Greenspan: Storm impact on oil has peaked
US Federal Reserve Chairman Alan Greenspan told Russian Finance Minister Alexei Kudrin that risks to the oil market from a pair of U.S. hurricanes have peaked, and pressure on refineries should ease, the Russian minister said on Sunday, reported Reuters.
Kudrin said Greenspan, in bilateral talks on the sidelines of semi-annual meetings of the World Bank and International Monetary Fund, did not say outright that he expected oil prices to drop, but signaled the worst of the squeeze might be over.
"Greenspan believes that now we've overcome all the peaks of the risks of those storms ... (and) Katrina and Rita have exhausted their influence on the oil market already," he told a small group of reporters through a translator.
Oil prices fell about $1 a barrel on Sunday after Hurricane Rita, the second major storm to hit the U.S. Gulf Coast in a month, did less damage to oil refineries than first feared.
Markets had fretted the storm would bring prolonged energy shortages and compound the damage from Hurricane Katrina, which pushed oil prices to a record $71 a barrel in August.
Greenspan, in his discussions with Kudrin, said he thought the situation at U.S. refineries "is going to be easier" now that the storms have passed.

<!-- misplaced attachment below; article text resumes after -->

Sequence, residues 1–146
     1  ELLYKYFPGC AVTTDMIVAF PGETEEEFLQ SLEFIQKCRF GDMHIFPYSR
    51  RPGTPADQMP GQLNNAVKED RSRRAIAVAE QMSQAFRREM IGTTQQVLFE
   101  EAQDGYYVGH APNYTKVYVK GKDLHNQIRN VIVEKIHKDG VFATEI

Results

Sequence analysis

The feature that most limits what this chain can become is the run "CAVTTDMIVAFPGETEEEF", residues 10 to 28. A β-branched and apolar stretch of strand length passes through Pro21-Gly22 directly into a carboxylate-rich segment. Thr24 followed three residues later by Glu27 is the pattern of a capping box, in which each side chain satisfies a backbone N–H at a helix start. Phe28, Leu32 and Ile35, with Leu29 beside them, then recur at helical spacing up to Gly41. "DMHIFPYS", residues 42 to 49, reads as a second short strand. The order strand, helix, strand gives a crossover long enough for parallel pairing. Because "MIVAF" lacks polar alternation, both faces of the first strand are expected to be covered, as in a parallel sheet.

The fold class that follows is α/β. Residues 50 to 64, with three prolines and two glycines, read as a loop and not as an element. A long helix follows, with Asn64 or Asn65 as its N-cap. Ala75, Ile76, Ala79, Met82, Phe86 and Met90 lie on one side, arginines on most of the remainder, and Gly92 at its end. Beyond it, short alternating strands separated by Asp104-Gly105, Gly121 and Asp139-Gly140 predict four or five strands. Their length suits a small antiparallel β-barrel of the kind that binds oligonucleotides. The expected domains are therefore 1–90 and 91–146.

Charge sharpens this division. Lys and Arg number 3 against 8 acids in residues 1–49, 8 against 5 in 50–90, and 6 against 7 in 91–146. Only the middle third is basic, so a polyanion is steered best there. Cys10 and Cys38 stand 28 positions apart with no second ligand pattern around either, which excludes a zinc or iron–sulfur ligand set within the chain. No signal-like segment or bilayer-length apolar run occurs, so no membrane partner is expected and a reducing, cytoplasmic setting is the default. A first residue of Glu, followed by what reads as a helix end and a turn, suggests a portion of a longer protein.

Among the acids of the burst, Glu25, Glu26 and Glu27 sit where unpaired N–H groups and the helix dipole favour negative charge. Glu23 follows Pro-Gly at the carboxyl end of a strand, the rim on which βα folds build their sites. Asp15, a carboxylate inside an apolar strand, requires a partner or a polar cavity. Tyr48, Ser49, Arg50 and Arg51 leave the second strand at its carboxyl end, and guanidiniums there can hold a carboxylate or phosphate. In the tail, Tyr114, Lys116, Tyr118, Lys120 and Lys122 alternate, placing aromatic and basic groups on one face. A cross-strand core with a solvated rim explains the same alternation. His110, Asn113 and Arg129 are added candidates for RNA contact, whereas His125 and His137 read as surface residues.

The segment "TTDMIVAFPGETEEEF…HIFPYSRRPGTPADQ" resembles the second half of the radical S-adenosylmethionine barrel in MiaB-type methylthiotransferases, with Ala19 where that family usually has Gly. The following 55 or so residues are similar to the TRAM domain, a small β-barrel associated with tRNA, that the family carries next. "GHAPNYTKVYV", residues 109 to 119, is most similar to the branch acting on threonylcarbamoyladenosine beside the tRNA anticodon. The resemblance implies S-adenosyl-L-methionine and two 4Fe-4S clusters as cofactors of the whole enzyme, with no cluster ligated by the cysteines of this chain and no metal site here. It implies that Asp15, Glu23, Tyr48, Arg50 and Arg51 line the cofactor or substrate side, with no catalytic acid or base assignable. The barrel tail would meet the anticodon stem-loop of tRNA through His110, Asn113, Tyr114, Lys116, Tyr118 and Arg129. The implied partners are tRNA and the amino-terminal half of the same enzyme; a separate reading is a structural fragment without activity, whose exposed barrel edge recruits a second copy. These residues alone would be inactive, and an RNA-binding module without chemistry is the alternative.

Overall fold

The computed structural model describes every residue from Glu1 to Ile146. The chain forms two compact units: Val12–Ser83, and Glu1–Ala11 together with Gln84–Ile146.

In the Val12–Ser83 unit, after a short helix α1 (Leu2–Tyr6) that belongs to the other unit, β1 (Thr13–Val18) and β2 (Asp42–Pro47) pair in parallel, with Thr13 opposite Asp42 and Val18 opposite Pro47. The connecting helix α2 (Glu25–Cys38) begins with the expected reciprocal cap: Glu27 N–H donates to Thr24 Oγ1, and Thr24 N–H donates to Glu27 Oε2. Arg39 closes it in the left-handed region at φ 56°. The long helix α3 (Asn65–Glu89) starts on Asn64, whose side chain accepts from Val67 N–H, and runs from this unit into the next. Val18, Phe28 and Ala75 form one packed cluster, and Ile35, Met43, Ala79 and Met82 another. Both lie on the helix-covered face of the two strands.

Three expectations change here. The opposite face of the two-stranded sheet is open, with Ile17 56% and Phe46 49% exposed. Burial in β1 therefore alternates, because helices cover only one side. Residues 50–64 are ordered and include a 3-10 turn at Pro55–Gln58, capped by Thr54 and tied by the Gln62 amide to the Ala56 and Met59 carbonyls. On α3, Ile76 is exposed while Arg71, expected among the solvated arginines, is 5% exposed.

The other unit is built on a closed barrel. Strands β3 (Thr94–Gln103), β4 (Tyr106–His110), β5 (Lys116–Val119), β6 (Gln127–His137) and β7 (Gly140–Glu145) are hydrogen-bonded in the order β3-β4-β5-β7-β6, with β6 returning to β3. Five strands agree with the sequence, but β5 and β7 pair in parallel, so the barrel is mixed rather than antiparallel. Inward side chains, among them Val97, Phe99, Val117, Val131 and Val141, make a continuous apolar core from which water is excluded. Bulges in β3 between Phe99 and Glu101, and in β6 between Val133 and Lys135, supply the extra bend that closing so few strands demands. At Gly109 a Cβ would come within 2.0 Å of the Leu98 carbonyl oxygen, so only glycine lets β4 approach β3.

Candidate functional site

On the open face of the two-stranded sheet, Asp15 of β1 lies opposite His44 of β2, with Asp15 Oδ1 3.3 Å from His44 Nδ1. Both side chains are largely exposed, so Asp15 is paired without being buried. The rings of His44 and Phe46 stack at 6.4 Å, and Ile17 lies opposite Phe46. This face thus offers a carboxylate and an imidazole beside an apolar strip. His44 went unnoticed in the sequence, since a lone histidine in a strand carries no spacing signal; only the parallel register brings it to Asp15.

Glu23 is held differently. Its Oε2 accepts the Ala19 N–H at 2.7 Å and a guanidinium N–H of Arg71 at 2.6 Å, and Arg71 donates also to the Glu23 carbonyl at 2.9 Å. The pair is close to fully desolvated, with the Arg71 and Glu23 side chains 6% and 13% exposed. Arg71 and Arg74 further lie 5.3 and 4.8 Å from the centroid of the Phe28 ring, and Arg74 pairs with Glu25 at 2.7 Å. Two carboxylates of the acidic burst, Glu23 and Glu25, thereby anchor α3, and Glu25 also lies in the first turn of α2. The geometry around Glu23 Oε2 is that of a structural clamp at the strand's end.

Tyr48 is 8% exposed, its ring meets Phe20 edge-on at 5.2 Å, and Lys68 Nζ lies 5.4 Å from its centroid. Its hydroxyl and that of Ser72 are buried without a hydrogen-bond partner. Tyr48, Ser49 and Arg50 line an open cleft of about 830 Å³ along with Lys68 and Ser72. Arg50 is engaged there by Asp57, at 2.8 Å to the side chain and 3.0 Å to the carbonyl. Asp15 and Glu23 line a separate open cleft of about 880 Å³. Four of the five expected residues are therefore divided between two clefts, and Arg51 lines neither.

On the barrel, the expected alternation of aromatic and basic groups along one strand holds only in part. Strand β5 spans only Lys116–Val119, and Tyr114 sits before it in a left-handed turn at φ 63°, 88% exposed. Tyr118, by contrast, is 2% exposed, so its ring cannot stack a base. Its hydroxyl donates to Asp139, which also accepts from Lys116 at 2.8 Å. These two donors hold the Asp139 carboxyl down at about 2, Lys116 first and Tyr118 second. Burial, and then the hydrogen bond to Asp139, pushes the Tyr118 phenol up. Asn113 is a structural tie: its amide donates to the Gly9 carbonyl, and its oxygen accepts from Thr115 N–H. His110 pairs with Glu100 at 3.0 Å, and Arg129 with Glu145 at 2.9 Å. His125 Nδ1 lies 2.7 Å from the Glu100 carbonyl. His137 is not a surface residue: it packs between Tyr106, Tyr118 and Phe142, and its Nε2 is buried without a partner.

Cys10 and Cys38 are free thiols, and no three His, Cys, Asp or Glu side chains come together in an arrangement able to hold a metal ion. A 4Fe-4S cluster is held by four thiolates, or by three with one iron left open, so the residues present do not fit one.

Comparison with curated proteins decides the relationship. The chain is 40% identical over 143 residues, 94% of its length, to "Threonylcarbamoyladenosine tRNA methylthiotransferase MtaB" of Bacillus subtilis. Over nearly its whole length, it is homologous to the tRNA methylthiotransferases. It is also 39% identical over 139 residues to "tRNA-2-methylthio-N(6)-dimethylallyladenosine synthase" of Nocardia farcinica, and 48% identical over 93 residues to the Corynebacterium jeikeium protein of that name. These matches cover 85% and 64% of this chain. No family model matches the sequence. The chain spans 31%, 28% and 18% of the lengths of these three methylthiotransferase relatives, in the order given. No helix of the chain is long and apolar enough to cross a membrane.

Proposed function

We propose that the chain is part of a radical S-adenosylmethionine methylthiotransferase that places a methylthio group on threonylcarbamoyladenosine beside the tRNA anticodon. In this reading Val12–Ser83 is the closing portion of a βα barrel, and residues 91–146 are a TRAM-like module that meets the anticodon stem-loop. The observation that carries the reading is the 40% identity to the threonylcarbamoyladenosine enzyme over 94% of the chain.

Kudrin also met Afghan officials in Washington to discuss a deal over the bilateral debt Kabul owes Moscow.
"We are in a course of very tough and very difficult discussions to restructure the debt, and possibly write off some," he said. "We have not found a solution yet."
Asked if Russia could join the World Trade Organization by the end of 2005, Kudrin said membership would take more time.
"Definitely it's going to happen later," the finance chief said. If Russia strikes the prerequisite deals with countries including the United States by December, he said it would likely take another six months to finalize accession.
"Currently, for the United States, this is the cycle of growth but risks also do exist," he said.
Commenting on China's move to scrap its yuan currency's peg to the dollar and switch to a managed float with reference to a basket of currencies, Kudrin said more flexibility in the yuan was best for China and its Asian neighbors.
He said it was inappropriate for governments to intervene in oil markets to counteract recent price gains, stressing the private sector could respond to current demands in time.
Oil-producing Russia has difficult decisions to make about how to balance the windfall from energy price rises and longer-term needs for economic overhaul and diversification, Kudrin said.
"Easy access to resources (can be) a disincentive to diversification," he said, adding: "Russia currently faces this kind of choice."